Fair winds and foul

A merchant ship sets off with a working kitesail, while Congress cuts US fusion funding.

An unsolicited puff for a nice new technology from Hamburg:


Photo © Skysails

This ship is currently being loaded in Bremen with chipboard production machinery. It sets sail on Saturday for Caracas. Presumably it will follow Columbus’ route to catch the trade winds.

Here’s a streaming video of a test trip on another merchant ship in the North Sea, which shows shows how the kitesail is actually deployed – much higher than in the photo-op.

The carbon footprint of shipping is plausibly said to be 2% of the world total, more than that of Germany. The designers, Skysails, hope for fuel savings of 15-35% with fully optimised kitesails. So you are looking at a device that could potentially save Belgium’s entire footprint. (End of puff.)

But does it work?

The really good news is that the designers, the shipowner, and the captain are not only Germans, but rye-bread and dripping, pickled-herring, Lutheran North Germans: none of that Bavarian flightiness. (Though the charterer, the logistics giant DHL, is based in Bonn.) Some stereotypes are useful. If all these people say it works, it very probably does. Anyway we don’t have to make the call: the voyage is I’m sure being watched closely by the club of penny-wise Hamburg and Bremen shipowners.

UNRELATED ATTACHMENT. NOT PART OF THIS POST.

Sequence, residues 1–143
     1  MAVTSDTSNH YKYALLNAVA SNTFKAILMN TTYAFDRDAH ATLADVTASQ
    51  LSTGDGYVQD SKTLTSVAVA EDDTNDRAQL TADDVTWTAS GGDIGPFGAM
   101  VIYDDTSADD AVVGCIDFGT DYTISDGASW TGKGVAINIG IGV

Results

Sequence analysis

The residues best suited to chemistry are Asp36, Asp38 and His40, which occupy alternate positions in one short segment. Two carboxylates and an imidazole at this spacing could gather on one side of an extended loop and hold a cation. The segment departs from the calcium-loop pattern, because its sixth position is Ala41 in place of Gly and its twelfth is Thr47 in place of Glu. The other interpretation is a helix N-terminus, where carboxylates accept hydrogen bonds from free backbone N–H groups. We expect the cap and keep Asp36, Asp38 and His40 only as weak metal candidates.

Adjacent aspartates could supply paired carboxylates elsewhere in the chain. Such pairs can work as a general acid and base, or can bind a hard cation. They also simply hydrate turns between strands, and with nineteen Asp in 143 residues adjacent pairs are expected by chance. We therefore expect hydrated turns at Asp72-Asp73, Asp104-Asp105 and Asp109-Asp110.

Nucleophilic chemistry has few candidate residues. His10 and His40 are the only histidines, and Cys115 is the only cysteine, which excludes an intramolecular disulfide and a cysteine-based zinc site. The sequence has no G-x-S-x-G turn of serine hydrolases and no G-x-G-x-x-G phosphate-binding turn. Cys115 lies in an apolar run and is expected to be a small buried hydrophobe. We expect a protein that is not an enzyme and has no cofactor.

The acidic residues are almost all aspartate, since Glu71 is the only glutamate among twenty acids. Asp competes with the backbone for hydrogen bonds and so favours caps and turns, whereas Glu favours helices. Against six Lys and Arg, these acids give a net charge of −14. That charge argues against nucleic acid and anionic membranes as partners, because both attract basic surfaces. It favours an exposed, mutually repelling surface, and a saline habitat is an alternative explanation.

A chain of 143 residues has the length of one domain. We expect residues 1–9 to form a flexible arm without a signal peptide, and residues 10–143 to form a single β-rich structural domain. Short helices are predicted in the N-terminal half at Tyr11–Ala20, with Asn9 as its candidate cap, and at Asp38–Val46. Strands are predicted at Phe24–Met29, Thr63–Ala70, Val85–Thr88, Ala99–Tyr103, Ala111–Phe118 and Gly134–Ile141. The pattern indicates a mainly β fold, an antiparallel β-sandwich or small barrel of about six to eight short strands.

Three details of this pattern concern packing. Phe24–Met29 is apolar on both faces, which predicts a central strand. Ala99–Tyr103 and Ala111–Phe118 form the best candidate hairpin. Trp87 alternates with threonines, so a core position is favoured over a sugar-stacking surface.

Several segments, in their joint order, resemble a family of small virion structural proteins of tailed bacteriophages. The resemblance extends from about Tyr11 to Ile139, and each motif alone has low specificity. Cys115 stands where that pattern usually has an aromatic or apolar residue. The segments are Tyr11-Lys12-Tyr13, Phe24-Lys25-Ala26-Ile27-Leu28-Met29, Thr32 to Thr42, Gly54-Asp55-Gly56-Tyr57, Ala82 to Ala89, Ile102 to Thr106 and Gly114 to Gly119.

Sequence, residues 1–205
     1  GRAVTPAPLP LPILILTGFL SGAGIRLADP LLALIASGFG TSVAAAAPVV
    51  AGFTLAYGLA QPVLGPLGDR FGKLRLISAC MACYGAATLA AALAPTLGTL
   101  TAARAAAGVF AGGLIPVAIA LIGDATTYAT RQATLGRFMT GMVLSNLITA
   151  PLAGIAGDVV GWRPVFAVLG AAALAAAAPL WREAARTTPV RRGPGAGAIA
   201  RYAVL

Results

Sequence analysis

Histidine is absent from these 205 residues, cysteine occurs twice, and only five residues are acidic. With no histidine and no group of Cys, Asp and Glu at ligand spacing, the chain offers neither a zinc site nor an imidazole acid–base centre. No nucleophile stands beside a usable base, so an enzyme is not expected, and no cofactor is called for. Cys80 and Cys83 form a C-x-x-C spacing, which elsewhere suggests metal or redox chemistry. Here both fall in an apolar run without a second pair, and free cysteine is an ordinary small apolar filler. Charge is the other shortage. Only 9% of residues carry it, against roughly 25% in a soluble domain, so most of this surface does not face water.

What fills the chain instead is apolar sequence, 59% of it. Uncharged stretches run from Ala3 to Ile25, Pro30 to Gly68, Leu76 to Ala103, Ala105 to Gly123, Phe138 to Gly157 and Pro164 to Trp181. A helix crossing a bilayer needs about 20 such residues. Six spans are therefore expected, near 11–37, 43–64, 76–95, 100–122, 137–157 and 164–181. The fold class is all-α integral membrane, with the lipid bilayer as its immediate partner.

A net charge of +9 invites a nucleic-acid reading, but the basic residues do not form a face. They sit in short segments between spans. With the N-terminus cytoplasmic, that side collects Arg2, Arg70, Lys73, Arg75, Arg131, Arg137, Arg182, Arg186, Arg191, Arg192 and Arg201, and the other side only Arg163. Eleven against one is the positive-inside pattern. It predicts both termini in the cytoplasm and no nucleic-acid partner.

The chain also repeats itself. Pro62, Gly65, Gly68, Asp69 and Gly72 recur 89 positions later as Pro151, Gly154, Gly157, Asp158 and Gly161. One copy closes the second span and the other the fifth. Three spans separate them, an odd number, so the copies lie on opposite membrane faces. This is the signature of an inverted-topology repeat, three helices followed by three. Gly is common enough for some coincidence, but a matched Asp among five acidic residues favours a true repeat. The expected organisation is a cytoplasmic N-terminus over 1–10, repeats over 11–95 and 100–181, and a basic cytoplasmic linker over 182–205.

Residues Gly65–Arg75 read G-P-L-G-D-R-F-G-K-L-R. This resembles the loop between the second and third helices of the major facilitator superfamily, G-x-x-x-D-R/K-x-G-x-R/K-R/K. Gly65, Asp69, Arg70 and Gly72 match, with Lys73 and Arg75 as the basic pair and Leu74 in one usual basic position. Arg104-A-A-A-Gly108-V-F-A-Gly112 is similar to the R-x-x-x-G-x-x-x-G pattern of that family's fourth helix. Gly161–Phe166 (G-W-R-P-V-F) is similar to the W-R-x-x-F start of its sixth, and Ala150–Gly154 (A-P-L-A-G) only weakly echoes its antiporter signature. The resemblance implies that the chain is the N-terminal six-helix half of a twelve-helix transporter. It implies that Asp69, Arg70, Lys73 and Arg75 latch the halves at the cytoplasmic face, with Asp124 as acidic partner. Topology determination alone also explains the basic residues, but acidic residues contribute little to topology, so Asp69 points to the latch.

So much for the good news. Meanwhile the US Congress has cut the $160m American contribution in 2008 to the world’s main development project for fusion power, the joint ITER reactor under leisurely construction.

For once, this myopic action doesn’t seem to be the fault of the Bush Administration. It’s still stupid as well as petty. There are reasons to be sceptical of fusion – it’s always been one new Tokamak away from commercial power – but the colossal payoff of success makes a $15bn bet over 10-30 years probably worthwhile even at one-in-ten odds, and a snip at evens. The collaboration reduces the burden to any one country to quite modest levels. Also, right or wrong, the US signed up: and states like individuals should keep their promises absent a truly compelling reason not to. Has the ITER project hit big unexpected problems? Has there been a breakthrough in plasma physics showing that it can’t work? The real problem is that it’s being built in France.

Author: James Wimberley

James Wimberley (b. 1946, an Englishman raised in the Channel Islands. three adult children) is a former career international bureaucrat with the Council of Europe in Strasbourg. His main achievements there were the Lisbon Convention on recognition of qualifications and the Kosovo law on school education. He retired in 2006 to a little white house in Andalucia, His first wife Patricia Morris died in 2009 after a long illness. He remarried in 2011. to the former Brazilian TV actress Lu Mendonça. The cat overlords are now three. I suppose I've been invited to join real scholars on the list because my skills, acquired in a decade of technical assistance work in eastern Europe, include being able to ask faux-naïf questions like the exotic Persians and Chinese of eighteenth-century philosophical fiction. So I'm quite comfortable in the role of country-cousin blogger with a European perspective. The other specialised skill I learnt was making toasts with a moral in the course of drunken Caucasian banquets. I'm open to expenses-paid offers to retell Noah the great Armenian and Columbus, the orange, and university reform in Georgia. James Wimberley's occasional publications on the web